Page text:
Chronic Constipation In Children: Symptoms, Causes And Treatment Therapy

What is chronic constipation in children?

The definition of chronic constipation differs from one person to another. This is because constipation has to do with the frequency of bowel movement and different folks have different ideas about the number of times which they consider normal. While some consider it chronic constipation if they do not have a bowel movement at least three times in a week, others see it as having difficulty in passing out stools or straining to pass out stools. It is generally accepted that having difficulty in or straining to pass out stools when you feel the need is constipation.

HOW TO TREAT CHRONIC CONSTIPATION IN KIDS

Constipation is a condition that disturbs both children and adults. Constipation in children can be quite painful to observe especially as a parent as one can literally see the difficulty in passing out stools in the child’s eyes. Chronic constipation in children generally begins when the child passes out stools less than three times in a week. This is still controversial and if you observe your child having difficulty passing out stools and at the same time complaining of aching stomach then you might want to start checking for other signs of constipation.

Chronic constipation – what’s normal and what’s not

There is quite some myth about chronic constipation in children that can easily be confused with facts. Few of the myths are listed below and you should take them seriously as they are not facts.

#1Myth: if your child doesn’t have at least one bowel movement in a day, then he’s suffering from constipation. It’s not true. Generally, constipation should only be suspected if a bowel movement is less than three times in a week.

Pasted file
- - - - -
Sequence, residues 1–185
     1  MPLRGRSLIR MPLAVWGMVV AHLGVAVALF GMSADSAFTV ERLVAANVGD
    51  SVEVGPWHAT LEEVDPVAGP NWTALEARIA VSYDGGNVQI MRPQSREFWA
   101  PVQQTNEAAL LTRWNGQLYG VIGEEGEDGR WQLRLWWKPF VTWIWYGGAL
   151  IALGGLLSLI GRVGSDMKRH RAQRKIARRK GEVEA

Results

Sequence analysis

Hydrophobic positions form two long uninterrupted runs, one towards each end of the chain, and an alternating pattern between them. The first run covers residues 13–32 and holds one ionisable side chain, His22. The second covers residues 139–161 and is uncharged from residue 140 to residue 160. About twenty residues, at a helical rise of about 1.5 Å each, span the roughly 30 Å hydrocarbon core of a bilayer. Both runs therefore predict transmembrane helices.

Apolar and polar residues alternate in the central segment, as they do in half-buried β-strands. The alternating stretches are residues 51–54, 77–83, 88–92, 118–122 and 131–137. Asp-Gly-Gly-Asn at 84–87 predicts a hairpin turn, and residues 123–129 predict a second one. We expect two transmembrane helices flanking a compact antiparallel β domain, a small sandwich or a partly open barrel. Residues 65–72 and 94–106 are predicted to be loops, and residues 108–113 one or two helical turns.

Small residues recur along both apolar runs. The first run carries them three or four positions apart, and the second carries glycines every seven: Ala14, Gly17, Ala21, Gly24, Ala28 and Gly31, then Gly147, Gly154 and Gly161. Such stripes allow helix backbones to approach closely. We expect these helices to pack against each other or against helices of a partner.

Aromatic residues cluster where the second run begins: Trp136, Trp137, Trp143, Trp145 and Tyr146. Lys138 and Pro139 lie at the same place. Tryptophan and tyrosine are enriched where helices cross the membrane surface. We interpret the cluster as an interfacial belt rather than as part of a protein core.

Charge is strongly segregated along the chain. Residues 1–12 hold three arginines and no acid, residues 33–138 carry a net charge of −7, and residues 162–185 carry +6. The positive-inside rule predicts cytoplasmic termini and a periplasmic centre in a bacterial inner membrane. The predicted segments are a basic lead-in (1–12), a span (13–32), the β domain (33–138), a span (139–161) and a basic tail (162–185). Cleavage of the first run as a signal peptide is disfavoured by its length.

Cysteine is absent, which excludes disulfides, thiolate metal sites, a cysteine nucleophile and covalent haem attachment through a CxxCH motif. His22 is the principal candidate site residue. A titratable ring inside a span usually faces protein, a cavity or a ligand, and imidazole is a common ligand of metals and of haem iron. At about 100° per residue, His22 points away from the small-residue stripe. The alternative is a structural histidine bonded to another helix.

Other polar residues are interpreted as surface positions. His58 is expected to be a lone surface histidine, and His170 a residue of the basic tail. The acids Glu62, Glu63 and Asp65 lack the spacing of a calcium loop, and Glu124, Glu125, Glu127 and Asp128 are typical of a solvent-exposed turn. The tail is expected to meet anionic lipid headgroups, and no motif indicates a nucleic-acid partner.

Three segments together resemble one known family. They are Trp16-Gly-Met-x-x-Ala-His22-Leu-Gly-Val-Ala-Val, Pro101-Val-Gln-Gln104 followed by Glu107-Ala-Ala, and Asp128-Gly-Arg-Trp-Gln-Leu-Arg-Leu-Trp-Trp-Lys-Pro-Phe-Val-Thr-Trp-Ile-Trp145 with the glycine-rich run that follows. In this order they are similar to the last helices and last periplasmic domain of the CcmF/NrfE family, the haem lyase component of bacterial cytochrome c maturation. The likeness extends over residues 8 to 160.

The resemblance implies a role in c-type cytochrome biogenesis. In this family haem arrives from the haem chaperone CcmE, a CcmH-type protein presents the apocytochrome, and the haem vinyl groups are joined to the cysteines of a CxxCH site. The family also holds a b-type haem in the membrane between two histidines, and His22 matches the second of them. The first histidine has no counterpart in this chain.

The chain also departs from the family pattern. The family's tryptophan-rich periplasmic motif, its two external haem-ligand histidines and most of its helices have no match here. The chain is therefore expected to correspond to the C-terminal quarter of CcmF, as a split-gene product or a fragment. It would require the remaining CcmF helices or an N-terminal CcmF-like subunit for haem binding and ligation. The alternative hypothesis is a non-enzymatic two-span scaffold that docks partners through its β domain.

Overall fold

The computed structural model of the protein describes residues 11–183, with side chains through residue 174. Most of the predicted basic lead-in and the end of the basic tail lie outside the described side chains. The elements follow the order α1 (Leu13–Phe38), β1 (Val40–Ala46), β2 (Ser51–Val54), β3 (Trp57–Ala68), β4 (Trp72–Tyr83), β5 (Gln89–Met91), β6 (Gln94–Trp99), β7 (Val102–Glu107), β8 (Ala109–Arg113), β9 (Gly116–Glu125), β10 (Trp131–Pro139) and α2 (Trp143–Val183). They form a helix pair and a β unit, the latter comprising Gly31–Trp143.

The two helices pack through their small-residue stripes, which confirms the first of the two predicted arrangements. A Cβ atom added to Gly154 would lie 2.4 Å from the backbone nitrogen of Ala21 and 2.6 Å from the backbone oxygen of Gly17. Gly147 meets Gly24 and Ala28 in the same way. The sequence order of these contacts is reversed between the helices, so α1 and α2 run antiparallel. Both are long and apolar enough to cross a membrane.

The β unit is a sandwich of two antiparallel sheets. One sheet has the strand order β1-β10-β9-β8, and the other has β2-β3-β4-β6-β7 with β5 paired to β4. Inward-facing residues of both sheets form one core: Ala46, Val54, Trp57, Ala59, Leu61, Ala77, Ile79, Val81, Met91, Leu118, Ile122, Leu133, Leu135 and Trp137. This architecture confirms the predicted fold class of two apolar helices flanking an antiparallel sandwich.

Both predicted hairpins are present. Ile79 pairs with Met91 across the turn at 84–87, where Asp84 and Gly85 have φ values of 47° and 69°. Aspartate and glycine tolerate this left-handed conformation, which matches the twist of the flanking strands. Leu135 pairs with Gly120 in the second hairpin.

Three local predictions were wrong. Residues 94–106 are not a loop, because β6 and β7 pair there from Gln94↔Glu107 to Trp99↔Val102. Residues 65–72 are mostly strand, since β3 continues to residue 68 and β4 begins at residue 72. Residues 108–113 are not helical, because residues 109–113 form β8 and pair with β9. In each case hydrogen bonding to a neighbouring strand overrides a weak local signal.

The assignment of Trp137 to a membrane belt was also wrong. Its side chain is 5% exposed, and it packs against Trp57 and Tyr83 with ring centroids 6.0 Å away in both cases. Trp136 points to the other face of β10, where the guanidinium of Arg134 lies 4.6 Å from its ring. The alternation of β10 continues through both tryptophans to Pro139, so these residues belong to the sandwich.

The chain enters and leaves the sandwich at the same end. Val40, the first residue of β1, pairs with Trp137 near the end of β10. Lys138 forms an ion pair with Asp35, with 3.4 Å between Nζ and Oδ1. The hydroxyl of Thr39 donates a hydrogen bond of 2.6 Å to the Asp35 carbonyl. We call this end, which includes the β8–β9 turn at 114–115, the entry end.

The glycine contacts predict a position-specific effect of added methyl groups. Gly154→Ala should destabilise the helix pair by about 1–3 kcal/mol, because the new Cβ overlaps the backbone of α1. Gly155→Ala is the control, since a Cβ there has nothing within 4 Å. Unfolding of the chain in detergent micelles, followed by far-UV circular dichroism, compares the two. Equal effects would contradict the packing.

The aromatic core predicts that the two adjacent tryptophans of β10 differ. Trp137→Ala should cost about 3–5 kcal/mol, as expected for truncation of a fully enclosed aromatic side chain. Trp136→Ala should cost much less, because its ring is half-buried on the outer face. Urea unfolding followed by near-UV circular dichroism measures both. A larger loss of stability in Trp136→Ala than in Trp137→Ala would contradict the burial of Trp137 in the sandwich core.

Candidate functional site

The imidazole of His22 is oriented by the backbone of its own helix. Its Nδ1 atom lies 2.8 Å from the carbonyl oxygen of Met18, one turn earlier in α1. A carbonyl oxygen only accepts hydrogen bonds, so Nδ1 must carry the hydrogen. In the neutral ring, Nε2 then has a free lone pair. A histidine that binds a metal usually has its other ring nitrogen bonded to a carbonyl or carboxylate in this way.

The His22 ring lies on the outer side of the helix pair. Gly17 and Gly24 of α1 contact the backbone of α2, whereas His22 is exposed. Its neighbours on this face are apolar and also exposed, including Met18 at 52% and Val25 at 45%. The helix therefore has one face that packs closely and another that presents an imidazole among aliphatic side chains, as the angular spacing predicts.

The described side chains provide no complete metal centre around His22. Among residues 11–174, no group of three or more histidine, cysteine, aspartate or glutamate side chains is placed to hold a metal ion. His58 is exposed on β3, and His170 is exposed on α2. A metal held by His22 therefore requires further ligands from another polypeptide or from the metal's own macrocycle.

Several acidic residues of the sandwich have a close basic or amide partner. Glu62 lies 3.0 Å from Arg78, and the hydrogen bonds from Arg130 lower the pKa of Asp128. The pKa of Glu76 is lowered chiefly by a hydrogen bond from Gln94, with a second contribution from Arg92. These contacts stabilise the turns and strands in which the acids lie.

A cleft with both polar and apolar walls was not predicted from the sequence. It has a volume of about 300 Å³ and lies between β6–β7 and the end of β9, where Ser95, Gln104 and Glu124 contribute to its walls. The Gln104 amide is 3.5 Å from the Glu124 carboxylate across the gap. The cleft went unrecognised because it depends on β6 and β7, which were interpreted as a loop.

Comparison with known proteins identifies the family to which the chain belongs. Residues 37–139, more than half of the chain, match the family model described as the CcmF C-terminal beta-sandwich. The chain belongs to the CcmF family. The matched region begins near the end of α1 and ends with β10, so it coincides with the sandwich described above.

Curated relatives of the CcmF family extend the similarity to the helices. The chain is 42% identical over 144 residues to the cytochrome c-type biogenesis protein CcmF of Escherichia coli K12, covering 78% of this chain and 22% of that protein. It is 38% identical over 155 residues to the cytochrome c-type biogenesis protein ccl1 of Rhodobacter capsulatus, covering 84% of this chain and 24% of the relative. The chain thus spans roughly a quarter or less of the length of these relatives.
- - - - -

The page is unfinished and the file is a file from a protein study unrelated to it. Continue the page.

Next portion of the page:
#2Myth: toxins accumulate in the intestines if your baby is having an infrequent bowel movement. This is not true. Research has shown that there’s actually no evidence of accumulation of toxins in a child’s intestines due to an infrequent bowel movement.

#3myth: your child’s bowel movement should increase with age. This is not true. Research has shown that the frequency of bowel movement actually decreases as we grow older.

#4Myth: if you are feeding your child right and exercising right, he will not suffer chronic constipation. Actually, research has shown that constipation is not only caused by diet. It can also be caused by psychological issues such as a child or sexual abuse, the death of parents and so on. Chronic constipation in children can also be caused by severe depression and other underlying medical problems.

Causes of Chronic Constipation In Children

Normally after eating, the food passes through our digestive tracts. The intestines absorb nutrients and water from the food as it passes through the digestive tract until stools are formed.

Since constipation is always linked to the difficulty in passing out of stools or the passing out of hard stools, it is believed that in cases of constipation, the intestines absorb more water from the food passing through the digestive tract, hence resulting in the formation of hard stony stools which is difficult to pass out of the body. This whole process can actually be linked to the brain since it actually controls the amount of water to be absorbed from foods in the intestines by directly controlling the hormones responsible for the process. More research is still be carried out to determine the actual causes of chronic constipation, especially in infants.

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Symptoms of chronic constipation in children

Changing posture
Changing of posture is often a symptom of constipation in children. Most nursing mothers or caretakers often mistake and interpret this symptom as the child trying to have a bowel movement, but actually, the child may be constipated. Changing of posture may include clenching of buttock muscles, unusual dance like movements or standing on tiptoes and rocking back and forth.

Excessive straining in passing out stools